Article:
The population targeted for this study consisted of people who lived mainly in urban areas, and researchers did not rule out that other factors could be at play. But they kept coming back to traffic noise as the real culprit.

“Traffic noise in cities is an important public health issue,” said Ann Stauffer of the Health and Environment Alliance headquartered in Brussels, Belgium.

In addition, evidence shows that noise escalates incidents of stroke, especially in the older population, and affects children’s ability to learn.

New data on the harm noise is reaping on our bodies is surfacing every day it seems. The next step is to raise the awareness flag, get medical professionals in on the discussion, and become activists for establishing effective anti-noise legislation. People need to become proactive about lowering the planet’s decibel levels.

And find a place to sleep that’s quiet, if you can. Go on, save yourselves!

Noise Pollution and New Problems Raised by Silent Electric Cars

California Governor Jerry Brown has opened the door for electric cars to navigate California’s state roads in 2013, which means the remaining U.S. states that haven’t already will be following suit in short order. The widespread use of electric vehicles on American roads is expected to reduce greenhouse gas emissions and noise pollution which is all good news, right?

Yes, but no – one thing about the noise that emanates from gas-powered vehicles and the resulting roadway noise is that drivers and pedestrians have always utilized that noise to gauge the distance and speeds of vehicles for safety purposes. In other words, silent electric vehicles on the road bring with them a new safety hazard – without sound to inform us about where and when another oncoming vehicle is, what safety measures are being put in place to prevent pedestrians and other motorists from potential collisions with these new noiseless vehicles?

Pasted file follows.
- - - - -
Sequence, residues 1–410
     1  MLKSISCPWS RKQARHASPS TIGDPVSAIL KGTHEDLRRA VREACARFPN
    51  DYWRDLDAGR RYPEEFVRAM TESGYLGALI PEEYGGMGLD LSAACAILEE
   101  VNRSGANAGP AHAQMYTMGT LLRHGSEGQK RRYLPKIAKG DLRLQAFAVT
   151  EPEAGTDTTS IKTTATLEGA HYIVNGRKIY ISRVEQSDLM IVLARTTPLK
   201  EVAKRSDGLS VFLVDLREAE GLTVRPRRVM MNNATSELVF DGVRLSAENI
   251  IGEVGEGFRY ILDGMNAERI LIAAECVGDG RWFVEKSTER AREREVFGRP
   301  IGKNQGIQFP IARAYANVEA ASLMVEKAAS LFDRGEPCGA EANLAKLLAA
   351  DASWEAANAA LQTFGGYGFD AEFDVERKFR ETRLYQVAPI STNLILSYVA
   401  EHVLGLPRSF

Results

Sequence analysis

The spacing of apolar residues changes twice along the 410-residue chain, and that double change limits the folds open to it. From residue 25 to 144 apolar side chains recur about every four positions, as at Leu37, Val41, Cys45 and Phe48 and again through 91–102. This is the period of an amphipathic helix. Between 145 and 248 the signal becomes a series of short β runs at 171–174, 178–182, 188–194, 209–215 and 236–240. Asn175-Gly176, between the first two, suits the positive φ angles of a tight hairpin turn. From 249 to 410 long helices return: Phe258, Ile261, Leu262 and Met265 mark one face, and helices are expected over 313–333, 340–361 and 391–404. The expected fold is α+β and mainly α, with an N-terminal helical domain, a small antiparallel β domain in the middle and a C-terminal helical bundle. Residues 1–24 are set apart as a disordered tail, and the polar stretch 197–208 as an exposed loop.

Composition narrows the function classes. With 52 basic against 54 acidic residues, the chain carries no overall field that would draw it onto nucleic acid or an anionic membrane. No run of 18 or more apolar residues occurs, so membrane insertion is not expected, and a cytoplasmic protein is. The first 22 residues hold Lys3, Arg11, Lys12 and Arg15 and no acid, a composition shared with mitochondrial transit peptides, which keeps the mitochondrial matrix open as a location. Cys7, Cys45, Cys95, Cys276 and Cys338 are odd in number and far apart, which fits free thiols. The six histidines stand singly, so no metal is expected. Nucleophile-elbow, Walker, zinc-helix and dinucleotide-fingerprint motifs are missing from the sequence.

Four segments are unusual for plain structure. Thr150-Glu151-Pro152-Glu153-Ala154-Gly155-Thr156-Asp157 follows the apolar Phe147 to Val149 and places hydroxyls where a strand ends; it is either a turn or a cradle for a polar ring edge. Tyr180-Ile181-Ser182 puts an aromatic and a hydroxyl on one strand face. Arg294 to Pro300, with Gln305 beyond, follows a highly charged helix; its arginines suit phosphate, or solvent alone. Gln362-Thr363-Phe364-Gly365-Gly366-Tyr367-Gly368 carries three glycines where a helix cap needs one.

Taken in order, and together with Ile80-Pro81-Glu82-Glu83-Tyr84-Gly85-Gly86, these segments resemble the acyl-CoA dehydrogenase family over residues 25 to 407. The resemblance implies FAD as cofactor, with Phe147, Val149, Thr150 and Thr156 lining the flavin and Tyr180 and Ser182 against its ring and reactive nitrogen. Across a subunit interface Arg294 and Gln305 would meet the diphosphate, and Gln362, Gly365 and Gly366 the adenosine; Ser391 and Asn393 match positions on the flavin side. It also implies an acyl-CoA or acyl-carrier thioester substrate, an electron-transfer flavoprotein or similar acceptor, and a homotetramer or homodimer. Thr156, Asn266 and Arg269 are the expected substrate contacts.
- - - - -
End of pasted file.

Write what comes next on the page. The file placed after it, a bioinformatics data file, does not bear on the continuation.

Bicyclists have dealt with this conundrum forever, and perhaps more than any other roadwau users understand the inherent dangers. Cyclists face the risks of pedestrians stepping or even running into roadways without looking, having no auditory warning that a bike is heading their way at speeds of 20 mph or better. Of course, auto drivers have no way of knowing a bicyclist is sharing the roadway unless they can see them; bicyclists, on the other hand, depend on hearing autos coming and going, and use sound to gauge their movements.

Of course, the electric car is a welcome instrument in the fight against noise pollution, and like all new things that affect large groups of people in revolutionary ways, the kinks must be worked out before hindsight dictates how we should have planned it.

Remember, car, buses and trucks have brought much of the world health-threatening noise pollution that has disrupted sleep patterns and escalated stress and health problems in humans, animals, and even plant life. Noise pollution rates worldwide are horrendous, effecting everything from health to workplace productivity, academic abilities and real estate values everywhere.